Installation of Solar Panels Ain’t “Roofing Work” Under OSHA Says 9th Circuit

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In a straightforward case, but one with widespread applicability today, the 9th Circuit Court of Appeals held that rooftop installation of solar panels isn’t (ain’t) “roofing work” under OSHA.

In Bergelectric Corp. v. Secretary of Labor, Case No. 17-72852 (June 6, 2019), contractor Bergelectric Corporation sought review of a final order of the Occupational Safety and Health Review Commission, in which OSHA held that Bergelectric was required to comply with the stricter safety standards governing work on “unprotected sides and edges” as opposed to the more lenient safety standards governing “roofing work.”

In 2016, Bergelectric was hired to install solar panels on the roof of a hangar at the Marine Corps Air Station Miramar in San Diego, California. While Bergelectric was performing work OSHA conducted an inspection. Bergelectric informed OSHA that they were using “warning lines” and a “safety monitor” in compliance with OSHA’s safety standard for roofing work and, further, that its employees would use personal fall arrest systems (PFAS) should they do work outside the warning lines.

OSHA issued a citation alleging that Bergoelectric had violated 29 C.F.R. § 1926.501(b)(1), which requires employees working near unprotected sides and edges to be protected by guardrail systems, safety net systems, or PFAS.

At the hearing on the violation, Bergelectric argued that the alternative standard under 29 C.F.R. § 1926.501(b)(10), which allows workers performing roofing work on low-sloped roofs to use warning lines and a safety monitor, applied. The hearing officer disagreed, and Bergelectric appealed but OSHA declined review.

On appeal to the 9th Circuit Court of Appeals, the 9th Circuit noted that for OSHA to prove a prima facie violation of a particular safety standard:

The Secretary [of Labor] must show by a preponderance of the evidence that (1) the cited standard applies; (2) the employer failed to comply with the terms of the cited standard; (3) employees had access to the violative condition; and (4) the cited employer either knew or could have known with the exercise of reasonable diligence of the violative condition.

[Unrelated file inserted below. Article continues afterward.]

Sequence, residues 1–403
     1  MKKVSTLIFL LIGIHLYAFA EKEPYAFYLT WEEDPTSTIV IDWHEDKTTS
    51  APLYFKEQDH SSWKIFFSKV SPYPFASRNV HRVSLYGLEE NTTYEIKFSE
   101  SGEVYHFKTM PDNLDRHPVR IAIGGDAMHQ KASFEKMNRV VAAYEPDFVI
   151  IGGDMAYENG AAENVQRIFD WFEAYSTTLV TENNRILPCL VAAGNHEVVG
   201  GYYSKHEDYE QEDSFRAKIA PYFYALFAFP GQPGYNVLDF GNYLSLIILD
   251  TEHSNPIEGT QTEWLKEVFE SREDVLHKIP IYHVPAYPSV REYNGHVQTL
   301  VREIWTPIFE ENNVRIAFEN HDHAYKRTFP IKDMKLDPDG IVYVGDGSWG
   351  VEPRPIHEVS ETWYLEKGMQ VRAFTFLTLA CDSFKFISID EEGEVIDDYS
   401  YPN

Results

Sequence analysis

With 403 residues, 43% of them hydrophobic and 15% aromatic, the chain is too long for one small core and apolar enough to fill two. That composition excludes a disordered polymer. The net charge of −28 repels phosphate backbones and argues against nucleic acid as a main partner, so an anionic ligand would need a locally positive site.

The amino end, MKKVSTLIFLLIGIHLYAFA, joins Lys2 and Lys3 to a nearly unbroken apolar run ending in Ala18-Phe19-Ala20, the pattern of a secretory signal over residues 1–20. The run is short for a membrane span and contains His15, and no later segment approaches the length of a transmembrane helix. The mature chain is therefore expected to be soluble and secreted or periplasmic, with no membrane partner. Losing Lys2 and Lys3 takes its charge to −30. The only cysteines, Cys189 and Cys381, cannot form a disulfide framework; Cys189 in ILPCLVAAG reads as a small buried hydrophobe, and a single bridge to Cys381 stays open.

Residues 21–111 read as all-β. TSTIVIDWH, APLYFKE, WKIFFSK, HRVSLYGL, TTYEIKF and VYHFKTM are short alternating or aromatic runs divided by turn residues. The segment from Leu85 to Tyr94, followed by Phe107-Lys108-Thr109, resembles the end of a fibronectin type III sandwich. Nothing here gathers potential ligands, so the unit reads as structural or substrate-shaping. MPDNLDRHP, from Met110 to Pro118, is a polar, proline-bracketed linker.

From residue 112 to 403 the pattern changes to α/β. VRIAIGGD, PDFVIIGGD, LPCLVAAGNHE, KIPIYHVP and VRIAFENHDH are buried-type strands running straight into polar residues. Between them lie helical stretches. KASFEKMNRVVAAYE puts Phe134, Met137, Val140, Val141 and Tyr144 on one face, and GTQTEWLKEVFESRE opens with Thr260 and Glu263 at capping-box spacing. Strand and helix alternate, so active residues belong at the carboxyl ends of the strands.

And here, explained the Court, 29 C.F.R. § 1926.501(b)(1), which OSHA relied on, provides:

Unprotected sides and edges. Each employee on a walking/working surface (horizontal and vertical surface) with an unprotected side or edge which is 6 feet (1.8 m) or more above a lower level shall be protected from falling by the use of guardrail systems, safety net systems, or personal fall arrest systems.

Whereas, 29 C.F.R. § 1926.501(b)(10), which Bergelectric argued should apply, provides:

Roofing work on Low-slope roofs. Except as otherwise provided in paragraph (b) of this section, each employee engaged in roofing activities on low-slope roofs, with unprotected sides and edges 6 feet (1.8 m) or more above lower levels shall be protected from falling by guardrail systems, safety net systems, personal fall arrest systems, or a combination of warning line system and guardrail system, warning line system and safety net system, or warning line system and personal fall arrest system, or warning line system and safety monitoring system.

The Court held that the more stringent “unprotected sides and edges” standards applied, relying on 29 C.F.R. § 1926.500(b), which defines “roofing work” as the “hoisting, storage, application, and removal of roofing materials and equipment, including related insulation, sheet metal, and vapor barrier work, but not including the construction of the roof deck.”

Solar panels, explained the Court, are not among the materials involved in “roofing work.” Simply put, held the Court, solar panels are neither “roofing materials [or] equipment” used in the construction of a roof, such as “insulation, sheet metal [or] vapor barriers.”

So there you have it, if you’re installing rooftop solar panels on a roof with unprotected sides or edges more than 6 feet above a lower you must either: (1) use guardrail system; (2) safety net system; or (3) each employee must use personal fall arrest systems.

Be careful out there.

[View source.]

DISCLAIMER: Because of the generality of this update, the information provided herein may not be applicable in all situations and should not be acted upon without specific legal advice based on particular situations.

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